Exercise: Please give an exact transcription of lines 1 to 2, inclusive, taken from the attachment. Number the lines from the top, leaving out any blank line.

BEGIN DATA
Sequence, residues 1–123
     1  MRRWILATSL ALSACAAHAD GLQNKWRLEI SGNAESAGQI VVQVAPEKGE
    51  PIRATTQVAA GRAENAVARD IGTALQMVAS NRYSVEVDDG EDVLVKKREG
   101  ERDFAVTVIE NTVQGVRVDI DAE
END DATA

Sequence, residues 1–123
     1  MRRWILATSL ALSACAAHAD GLQNKWRLEI SGNAESAGQI VVQVAPEKGE